Press release from Marketwire
BMO Private Bank: Half of Wisconsin's Affluent Say They Are Better Off Today Than Before the 2008 Recession
- More than half of high-net worth individuals in Wisconsin expect the U.S. economy to flourish over the next year - They are especially upbeat about the technology, manufacturing and health sectors - They are spending more than or the same as they did before the recession on entertainment, travel and clothing
Thursday, October 03, 2013
BMO Private Bank: Half of Wisconsin's Affluent Say They Are Better Off Today Than Before the 2008 Recession09:46 EDT Thursday, October 03, 2013
MILWAUKEE, WISCONSIN--(Marketwired - Oct. 3, 2013) - A study released today by BMO Private Bank has revealed that half (50 percent) of Wisconsin's affluent feel they are more financially secure than they were before the 2008 recession. The study is the second in a series by BMO Private Bank examining trends among high-net worth individuals (those with investible assets of $1 million or more) in Wisconsin and across the country.
The study also revealed that 55 percent expect the U.S. economy to improve over the next year, though only 35 percent are optimistic about what the future holds for the Asian markets (well below the national average of 53 percent).
"It's been a tough five years, both here in Wisconsin and throughout the country, but confidence levels are improving," said Jason Stamm, Regional President, Northern States, BMO Private Bank. "A sound investment plan is critical to helping build that confidence, and more than 80 percent of Wisconsin's high-net worth individuals are feeling good about their investment plans."
Other key highlights of the study include:
- The Badger State's affluent are more upbeat about the manufacturing sector compared to other high-net worth Americans (63 percent vs. 50 percent national average). They are also bullish on technology (80 percent) and health (75 percent).
- Although they believe that real estate (68 percent) and stocks (65 percent) will yield positive returns over the next five years, they are among the least confident high-net worth Americans regarding stocks compared to the national average (75 percent).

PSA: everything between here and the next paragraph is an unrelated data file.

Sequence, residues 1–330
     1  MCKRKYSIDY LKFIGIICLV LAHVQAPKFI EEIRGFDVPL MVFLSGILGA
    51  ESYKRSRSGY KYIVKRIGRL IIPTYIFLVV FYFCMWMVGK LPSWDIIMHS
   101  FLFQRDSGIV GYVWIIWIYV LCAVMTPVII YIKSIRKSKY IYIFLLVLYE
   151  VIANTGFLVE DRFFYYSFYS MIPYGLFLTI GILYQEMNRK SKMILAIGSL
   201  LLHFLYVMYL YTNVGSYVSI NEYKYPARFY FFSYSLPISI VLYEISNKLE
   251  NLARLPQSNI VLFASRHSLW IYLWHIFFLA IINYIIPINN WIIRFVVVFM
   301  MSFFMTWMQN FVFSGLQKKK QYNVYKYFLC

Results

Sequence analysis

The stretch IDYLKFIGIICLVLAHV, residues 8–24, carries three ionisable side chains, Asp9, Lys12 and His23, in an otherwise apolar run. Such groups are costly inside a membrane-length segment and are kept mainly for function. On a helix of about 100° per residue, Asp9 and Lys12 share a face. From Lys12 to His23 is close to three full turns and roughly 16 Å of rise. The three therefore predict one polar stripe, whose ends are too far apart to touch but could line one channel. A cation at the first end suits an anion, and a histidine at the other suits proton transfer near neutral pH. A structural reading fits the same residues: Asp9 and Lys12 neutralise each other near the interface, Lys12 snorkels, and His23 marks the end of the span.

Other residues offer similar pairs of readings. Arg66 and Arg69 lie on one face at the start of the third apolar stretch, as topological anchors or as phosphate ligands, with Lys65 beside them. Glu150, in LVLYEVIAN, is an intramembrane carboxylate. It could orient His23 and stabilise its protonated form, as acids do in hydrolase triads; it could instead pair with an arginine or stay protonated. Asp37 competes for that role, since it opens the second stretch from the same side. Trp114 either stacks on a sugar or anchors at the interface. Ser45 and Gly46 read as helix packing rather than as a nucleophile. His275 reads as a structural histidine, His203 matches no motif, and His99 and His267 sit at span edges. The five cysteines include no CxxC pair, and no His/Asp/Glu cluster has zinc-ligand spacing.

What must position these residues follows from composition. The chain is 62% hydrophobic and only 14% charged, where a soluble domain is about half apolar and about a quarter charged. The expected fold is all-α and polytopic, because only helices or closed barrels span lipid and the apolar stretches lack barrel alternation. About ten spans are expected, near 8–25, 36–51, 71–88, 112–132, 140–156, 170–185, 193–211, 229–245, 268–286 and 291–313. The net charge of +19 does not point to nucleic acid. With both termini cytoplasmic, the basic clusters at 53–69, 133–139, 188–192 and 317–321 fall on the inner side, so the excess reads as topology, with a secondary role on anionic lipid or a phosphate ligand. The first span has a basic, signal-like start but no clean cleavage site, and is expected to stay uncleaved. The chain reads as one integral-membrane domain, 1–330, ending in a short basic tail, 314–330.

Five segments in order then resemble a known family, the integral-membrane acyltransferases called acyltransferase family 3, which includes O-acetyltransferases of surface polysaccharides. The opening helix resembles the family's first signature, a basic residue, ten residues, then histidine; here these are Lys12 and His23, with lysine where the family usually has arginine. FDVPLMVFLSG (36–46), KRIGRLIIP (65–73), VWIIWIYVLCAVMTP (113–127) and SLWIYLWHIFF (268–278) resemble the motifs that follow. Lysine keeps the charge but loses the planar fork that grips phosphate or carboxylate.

- They are spending more than or the same as they did before the recession on entertainment and leisure (90 percent), travel and vacations (83 percent), and clothing (83 percent).
Key National Findings:
On a national level, the study found:
- Almost two-thirds (61 percent) of high-net worth Americans say they are better off today than they were before the recession.
- Sixty percent of the nation's affluent are optimistic about what the future holds for the U.S. economy.
- They are most bullish about the technology (80 percent), health (78 percent) and energy (77 percent) sectors and least optimistic about the prospects for the manufacturing (50 percent), agricultural (46 percent) and mining (43 percent) sectors.
- They are spending more money or the same amount as before September 2008 in a number of areas, including:
- Entertainment and leisure activities (86 percent)
- Travel and vacations (83 percent)
- Club memberships (81 percent)
- Collections and hobbies (80 percent)
- Clothing and accessories (77 percent)
About BMO Private Bank, a Part of BMO Financial Group
BMO Private Bank offers a comprehensive range of wealth management services that include investment advisory, trust, banking and financial planning to meet the financial needs of high net worth clients. Through integrated teams of experienced financial professionals, BMO Private Bank helps its clients realize their financial and lifestyle goals with solutions that are custom tailored and delivered with the highest level of personalized service.
BMO Private Bank is a brand name used in the United States by BMO Harris Bank N.A. Member FDIC. Not all products and services are available in every state and/or location.
The online survey was conducted by Pollara between March 28th and April 11th, 2013 with a sample of 482 American adults who have $1M+ in investable assets (including a sub-sample of 40 Wisconsin residents). The margin of error for a probability sample of this size is ± 4.5%, 19 times out of 20.
FOR FURTHER INFORMATION PLEASE CONTACT:
Patrick O'Herlihy, Chicago